10th Annual Florida Gulf Coast Dulcimer Retreat
January 26, 2024
Good Morning, Y'all!
It is exciting to be thinking about - and planning for - festivals and clinics for 2024 already. Folkcraft's first big (road-trip-level) event for 2024 is next month: the Florida Gulf Coast Dulcimer Retreat - hosted by Richard Ash (that's me!), Bing Futch, Guy George, and Sharrie George.
This will be the 10th annual Retreat (February 22nd - 25th this year) with the exact same instructors as the previous nine years, with the coolest venue imaginable. It isn't too late to join in the fun - full details can be found by clicking here.
Staff? Last year's photo (from left-to-right): Guy George, Sharrie George, Jae Futch, Bing Futch, Aly Ash, and Richard Ash (that's still me!).
Classes? The classes are varied: from mountain dulcimer (at a variety of levels) to penny whistle - to hammered dulcimer - to ukulele - to Native American flute - to steel drum. I'm even doing a class (hands-on, of course) on how different types of electronic pickups work in mountain dulcimers, how to use them in a PA system (both small at-your-feet amps and larger setups with multi-input mixers), and how to choose the correct pickup for a particular application. There's a lot to cover with this topic, and I'm sure the initial class will spill over into an afternoon of experimentation.
Venue? Jae rents a huge house on a canal in Homosassa, Florida. Nice grounds, air conditioning if needed (last year we spent a lot of time outdoors - I did most of my classes in the gazebo near the water), plenty of parking. Most of the guests stayed at a motel just a half-mile from the rental house, and Bing and Guy shuttled people back and forth in the golf carts (also rented for the week). It's a nice change of pace from the usual school venue or church venue. The Saturday evening concert is held in the living room, and guests are able to sit where they like - couches, ottomans, chairs, stairs, etc. - very informal, and relaxed.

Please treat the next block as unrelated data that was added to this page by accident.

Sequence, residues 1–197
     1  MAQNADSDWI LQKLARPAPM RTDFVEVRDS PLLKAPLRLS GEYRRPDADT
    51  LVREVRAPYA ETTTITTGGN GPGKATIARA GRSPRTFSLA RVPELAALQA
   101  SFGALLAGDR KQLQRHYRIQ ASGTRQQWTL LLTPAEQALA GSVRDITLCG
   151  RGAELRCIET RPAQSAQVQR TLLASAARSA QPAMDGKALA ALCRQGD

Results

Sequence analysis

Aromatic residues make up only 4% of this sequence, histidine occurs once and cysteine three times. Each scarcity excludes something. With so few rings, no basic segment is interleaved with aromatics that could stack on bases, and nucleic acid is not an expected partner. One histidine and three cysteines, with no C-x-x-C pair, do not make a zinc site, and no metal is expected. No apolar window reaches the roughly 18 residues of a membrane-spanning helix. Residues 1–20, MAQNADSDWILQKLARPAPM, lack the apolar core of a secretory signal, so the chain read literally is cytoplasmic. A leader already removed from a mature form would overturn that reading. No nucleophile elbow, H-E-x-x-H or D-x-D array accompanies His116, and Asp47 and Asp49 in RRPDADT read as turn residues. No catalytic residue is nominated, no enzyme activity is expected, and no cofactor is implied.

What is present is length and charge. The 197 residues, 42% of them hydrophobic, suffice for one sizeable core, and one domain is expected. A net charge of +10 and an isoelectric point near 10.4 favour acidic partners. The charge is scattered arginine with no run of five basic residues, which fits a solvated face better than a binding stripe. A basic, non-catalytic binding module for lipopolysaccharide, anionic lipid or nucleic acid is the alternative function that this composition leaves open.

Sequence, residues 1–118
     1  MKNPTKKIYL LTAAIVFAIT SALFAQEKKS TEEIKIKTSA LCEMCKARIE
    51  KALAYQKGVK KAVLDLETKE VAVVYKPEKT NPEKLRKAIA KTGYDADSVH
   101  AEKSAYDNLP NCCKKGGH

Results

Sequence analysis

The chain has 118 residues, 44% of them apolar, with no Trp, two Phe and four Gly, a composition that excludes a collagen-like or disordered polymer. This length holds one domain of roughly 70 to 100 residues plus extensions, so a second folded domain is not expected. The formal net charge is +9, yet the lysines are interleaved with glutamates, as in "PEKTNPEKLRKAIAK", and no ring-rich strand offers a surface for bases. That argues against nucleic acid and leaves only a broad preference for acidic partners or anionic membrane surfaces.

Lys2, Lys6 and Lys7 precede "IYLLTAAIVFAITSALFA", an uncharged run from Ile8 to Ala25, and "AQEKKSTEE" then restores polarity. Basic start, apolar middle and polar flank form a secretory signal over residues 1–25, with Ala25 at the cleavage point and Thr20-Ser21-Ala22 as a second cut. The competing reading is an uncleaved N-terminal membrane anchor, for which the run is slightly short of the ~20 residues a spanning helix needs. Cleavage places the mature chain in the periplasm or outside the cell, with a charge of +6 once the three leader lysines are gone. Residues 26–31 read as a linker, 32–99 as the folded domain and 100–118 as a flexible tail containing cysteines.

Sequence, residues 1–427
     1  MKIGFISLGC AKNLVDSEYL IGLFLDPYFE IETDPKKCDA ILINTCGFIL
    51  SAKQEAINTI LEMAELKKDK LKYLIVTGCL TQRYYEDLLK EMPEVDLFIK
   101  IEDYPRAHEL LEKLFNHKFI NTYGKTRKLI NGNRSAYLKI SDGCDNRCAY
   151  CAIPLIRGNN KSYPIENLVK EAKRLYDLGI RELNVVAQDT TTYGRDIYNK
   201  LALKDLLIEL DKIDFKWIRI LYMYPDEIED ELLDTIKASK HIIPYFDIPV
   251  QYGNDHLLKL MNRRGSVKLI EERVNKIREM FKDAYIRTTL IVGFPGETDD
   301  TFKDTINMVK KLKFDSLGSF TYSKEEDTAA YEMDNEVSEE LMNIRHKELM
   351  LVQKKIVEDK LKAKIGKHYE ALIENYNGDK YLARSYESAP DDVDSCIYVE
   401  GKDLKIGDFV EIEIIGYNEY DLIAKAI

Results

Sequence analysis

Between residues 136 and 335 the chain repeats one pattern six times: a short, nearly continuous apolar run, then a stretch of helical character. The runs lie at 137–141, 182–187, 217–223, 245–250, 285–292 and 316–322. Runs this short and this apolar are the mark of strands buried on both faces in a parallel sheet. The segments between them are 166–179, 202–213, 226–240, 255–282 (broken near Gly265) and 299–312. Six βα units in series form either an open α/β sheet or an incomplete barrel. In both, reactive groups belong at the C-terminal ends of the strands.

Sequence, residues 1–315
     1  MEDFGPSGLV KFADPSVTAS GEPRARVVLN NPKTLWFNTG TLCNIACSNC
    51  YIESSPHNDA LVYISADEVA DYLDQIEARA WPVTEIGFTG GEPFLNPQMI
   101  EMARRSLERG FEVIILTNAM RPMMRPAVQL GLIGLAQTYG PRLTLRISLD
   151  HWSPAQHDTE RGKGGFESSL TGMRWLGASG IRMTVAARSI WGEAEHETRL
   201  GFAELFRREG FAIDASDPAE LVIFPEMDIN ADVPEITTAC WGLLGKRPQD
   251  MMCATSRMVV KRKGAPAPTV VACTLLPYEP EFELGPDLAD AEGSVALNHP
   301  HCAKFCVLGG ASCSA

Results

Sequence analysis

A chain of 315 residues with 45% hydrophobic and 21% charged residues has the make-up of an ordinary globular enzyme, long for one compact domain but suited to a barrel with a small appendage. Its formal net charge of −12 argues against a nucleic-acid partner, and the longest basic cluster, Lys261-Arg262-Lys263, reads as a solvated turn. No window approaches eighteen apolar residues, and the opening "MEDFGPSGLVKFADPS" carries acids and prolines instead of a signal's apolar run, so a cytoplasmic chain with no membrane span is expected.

On a different subject
I was visiting my Dad last night, and he had just finished practicing his LAP-JO (Folkcraft's dulcimer/banjo hybrid instrument). He'd hung it up with the strap wrapped around the neck, and it reminded me of the staff of Hermes - so I took a photo for your entertainment:
One of these wall hangers was supporting the LAP-JO® as it hung on Dad's living room wall. I have a few of these hangers in my living room, too, plus a handful of them at my desk in the Folkcraft workshop.
Crooked Fret Fixed
Last week I mentioned several repairs we were working on for customers. And I teased you with the cherry dulcimer that had a crooked 1 1/2 fret, but didn't show the finished instrument. So here's what it looked like after the fret was removed, the old fret slot was filled in, and the new fret added:
I filled the old fret slot with cherry sawdust and CA glue, so it is hard and stable. I wish the color had matched a bit better, but this is how it came out. The new fret doesn't buzz, and it plays perfectly in tune, so I'm going to count this as a major improvement.
So that's all for the shop blog this week - thanks for reading. And definitely consider signing up to attend the Florida Gulf Coast Dulcimer Retreat. It is a lot of fun, and is one of my favorite events of the year.
Richard Ash, luthier-who's-already-made-plans-for-the-FGCDR-KMW-Evart-and-BMMF-and-hopes-to-see-Y'all-there!